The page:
“We don’t have a moment to lose,” he said. “The brutal effects of the conflict are plain to see … It threatens to get much, much worse.”

U.S. Ambassador Linda Thomas-Greenfield urged all countries to “keep the momentum going,” do everything possible to help the Ukrainian people, hold Russia accountable and “match our strong words with strong actions.”

Explaining China’s abstention, Ambassador Zhang Jun used more emotional language than at previous U.N. meetings, citing “dramatic changes of the situation in Ukraine” and calling what is unfolding “heart wrenching.” He reiterated Beijing’s support for the sovereignty and territorial integrity of all countries, and for the peaceful settlements of all disputes in line with the U.N. Charter.

“The top priority right now is to ease the situation on the ground as much as possible, and prevent the situation from escalating or even getting out of control,” Zhang said.

During more than two days of meetings preceding the vote, there were speeches from about 120 countries.

From the small Pacific island country of Palau, to Europe’s economic superpower Germany, countries reacted furiously at Russia’s invasion of Ukraine. They urged for U.N. support. resolution.

Only a handful of countries supported Russia, while others took no position such as South Africa. South Africa refused to negotiate a permanent solution to the crisis.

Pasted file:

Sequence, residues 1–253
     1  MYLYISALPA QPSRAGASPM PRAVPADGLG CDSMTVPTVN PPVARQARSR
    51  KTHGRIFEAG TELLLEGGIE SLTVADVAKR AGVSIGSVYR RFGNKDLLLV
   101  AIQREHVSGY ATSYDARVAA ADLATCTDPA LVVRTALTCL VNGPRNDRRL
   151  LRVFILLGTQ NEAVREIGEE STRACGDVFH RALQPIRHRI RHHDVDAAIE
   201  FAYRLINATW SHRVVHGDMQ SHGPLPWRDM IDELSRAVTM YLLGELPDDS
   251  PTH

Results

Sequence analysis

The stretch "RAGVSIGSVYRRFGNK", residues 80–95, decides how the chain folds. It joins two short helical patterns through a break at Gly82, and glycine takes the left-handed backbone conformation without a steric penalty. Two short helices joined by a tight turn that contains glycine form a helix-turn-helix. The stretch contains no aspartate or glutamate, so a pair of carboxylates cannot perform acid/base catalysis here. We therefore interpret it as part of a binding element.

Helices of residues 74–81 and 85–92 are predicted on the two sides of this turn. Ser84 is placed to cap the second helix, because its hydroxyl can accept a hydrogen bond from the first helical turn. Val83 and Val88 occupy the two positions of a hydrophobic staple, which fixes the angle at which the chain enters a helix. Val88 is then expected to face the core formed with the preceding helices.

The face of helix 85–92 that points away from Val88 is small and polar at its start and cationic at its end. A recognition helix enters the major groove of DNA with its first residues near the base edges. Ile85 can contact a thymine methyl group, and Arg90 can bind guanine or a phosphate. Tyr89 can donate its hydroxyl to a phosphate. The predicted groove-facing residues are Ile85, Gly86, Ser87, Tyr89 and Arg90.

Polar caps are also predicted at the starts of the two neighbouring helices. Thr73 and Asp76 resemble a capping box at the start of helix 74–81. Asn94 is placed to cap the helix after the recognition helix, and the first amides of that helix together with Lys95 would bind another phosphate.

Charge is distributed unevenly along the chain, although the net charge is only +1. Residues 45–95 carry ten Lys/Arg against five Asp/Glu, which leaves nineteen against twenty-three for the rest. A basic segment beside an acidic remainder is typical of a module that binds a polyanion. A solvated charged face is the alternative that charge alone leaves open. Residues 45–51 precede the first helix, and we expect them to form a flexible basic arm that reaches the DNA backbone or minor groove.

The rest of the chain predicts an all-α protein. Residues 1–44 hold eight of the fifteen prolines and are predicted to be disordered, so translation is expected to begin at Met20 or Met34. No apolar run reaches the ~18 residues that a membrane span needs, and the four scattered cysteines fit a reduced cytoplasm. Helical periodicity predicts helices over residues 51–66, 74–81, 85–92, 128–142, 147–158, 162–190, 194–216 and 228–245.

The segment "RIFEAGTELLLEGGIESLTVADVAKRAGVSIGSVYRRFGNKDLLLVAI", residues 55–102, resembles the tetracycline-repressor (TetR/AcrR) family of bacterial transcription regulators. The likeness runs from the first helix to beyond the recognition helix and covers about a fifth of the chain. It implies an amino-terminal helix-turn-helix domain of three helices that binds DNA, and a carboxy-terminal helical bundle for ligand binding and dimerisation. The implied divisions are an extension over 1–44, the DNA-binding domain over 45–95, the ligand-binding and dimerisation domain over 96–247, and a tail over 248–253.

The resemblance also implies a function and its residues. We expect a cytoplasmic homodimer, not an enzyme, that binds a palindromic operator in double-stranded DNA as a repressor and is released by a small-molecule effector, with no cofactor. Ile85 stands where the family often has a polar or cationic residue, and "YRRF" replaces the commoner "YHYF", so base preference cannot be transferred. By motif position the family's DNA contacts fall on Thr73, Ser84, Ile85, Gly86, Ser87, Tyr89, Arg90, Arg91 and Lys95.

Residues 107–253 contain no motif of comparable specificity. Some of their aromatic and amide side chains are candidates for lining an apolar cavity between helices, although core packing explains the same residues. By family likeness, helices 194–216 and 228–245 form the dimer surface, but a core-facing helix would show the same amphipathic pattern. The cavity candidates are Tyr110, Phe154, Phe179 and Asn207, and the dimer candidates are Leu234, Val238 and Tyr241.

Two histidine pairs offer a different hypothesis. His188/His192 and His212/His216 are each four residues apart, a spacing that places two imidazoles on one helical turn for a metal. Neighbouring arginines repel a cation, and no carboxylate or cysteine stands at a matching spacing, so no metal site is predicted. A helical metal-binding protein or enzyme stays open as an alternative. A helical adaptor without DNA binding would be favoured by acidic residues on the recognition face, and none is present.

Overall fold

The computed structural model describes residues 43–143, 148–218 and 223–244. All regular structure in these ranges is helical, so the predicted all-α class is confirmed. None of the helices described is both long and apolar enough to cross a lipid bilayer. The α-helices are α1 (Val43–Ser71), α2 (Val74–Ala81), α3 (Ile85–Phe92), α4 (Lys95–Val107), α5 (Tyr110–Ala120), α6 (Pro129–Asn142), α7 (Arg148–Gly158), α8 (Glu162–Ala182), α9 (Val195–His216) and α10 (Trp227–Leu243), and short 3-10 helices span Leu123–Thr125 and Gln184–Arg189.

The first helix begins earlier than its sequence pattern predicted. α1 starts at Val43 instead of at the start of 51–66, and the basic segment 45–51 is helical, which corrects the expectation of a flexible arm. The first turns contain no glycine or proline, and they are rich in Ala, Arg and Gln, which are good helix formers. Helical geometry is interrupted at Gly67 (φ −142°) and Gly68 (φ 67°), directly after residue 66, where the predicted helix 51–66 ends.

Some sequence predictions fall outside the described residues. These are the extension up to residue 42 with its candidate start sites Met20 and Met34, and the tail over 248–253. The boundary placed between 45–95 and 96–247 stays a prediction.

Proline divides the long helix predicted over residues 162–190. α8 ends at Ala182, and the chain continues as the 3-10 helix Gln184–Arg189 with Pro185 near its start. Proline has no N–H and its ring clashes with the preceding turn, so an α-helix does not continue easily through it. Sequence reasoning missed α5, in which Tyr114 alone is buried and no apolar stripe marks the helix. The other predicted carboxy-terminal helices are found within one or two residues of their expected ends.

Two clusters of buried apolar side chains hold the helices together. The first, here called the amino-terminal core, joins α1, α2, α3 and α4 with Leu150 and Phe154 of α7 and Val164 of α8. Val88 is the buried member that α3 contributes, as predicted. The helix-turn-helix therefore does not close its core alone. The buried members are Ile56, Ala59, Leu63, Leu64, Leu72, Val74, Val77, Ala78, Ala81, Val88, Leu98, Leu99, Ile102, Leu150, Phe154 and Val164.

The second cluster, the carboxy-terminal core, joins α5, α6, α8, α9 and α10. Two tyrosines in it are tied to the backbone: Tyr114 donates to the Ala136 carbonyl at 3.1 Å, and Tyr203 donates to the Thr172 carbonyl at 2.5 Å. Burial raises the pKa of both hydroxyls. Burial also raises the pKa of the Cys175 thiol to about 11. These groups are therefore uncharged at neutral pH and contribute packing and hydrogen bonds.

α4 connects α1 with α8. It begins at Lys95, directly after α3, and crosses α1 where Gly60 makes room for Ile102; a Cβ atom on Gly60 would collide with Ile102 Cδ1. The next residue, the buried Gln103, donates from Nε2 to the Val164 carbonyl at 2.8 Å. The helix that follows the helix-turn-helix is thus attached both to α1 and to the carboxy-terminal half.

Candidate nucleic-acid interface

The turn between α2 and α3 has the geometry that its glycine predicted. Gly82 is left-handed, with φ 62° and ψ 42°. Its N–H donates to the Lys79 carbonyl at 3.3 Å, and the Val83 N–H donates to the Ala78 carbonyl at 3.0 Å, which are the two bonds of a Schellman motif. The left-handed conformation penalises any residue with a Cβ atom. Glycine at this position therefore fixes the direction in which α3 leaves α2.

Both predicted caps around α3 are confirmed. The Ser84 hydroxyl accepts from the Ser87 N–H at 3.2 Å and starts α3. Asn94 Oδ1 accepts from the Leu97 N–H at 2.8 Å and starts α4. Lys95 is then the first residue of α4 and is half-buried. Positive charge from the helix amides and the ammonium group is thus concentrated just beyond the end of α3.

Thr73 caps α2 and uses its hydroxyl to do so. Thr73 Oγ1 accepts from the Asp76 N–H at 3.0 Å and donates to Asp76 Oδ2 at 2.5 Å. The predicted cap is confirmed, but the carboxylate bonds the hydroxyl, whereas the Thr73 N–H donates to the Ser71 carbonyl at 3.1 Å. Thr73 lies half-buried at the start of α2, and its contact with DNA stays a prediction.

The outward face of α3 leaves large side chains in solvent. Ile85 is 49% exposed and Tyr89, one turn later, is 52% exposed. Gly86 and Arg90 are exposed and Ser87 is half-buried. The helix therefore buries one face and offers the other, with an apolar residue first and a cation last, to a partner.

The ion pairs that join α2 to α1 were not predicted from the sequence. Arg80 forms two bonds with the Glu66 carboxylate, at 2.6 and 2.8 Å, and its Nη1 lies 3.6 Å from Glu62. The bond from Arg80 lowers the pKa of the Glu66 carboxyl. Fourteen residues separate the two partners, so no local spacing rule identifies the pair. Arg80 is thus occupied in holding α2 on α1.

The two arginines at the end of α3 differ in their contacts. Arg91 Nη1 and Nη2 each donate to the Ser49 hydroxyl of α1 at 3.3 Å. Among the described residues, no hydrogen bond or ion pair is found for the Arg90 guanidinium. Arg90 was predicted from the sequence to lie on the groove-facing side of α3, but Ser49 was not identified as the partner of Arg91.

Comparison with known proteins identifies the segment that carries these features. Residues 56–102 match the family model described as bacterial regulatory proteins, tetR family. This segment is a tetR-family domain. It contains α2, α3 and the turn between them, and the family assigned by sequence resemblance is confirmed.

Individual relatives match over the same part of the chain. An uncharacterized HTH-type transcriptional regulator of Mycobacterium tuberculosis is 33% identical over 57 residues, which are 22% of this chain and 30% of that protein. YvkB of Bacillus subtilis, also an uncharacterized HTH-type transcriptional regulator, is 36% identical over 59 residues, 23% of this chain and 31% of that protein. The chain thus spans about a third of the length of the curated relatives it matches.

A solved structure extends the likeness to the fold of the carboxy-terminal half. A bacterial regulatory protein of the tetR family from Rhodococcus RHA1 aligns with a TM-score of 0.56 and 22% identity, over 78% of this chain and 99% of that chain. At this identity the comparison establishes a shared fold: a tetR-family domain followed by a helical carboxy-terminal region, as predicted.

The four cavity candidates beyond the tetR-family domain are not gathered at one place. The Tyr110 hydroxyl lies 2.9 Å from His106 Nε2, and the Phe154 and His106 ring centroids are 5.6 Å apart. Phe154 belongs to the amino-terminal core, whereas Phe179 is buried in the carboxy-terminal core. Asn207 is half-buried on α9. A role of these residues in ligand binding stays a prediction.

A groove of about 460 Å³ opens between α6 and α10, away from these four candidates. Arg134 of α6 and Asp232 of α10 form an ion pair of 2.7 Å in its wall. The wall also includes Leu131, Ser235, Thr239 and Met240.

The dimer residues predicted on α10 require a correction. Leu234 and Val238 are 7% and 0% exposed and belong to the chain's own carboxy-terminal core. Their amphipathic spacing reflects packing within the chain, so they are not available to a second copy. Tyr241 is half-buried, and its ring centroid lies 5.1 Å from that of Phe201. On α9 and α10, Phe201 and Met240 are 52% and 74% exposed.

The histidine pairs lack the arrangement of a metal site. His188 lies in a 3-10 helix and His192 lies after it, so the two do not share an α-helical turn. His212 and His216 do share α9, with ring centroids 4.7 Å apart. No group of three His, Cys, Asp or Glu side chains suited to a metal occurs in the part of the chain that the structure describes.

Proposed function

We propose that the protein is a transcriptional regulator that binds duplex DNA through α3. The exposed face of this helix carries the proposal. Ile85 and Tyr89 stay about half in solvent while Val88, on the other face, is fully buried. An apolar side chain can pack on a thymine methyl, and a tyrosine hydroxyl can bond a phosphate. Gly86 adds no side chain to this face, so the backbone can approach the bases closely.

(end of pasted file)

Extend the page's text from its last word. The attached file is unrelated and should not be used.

The resolution’s co-sponsors included Afghanistan, where the Taliban ousted the elected government last August, and Myanmar, where the military overthrew the elected government led by Aung San Suu Kyi on Feb. 1, 2021. Representatives of previous governments supported the resolution because neither Myanmar’s Taliban or Myanmar’s military government were recognized by U.N.

During the meeting, some supporters of the resolution had signs under the nameplates of their countries in Ukraine’s blue and yellow colors reading: “#TodayWeAreAllUkraine.”

British Ambassador Barbara Woodward said the vote sent a clear message that the assembly condemns Putin and supports Ukraine.

” “We stand up against those seeking to redraw world’s borders through threat or force,” she stated. “For if President Putin’s aggression against Ukraine goes unchecked, which country could be next?”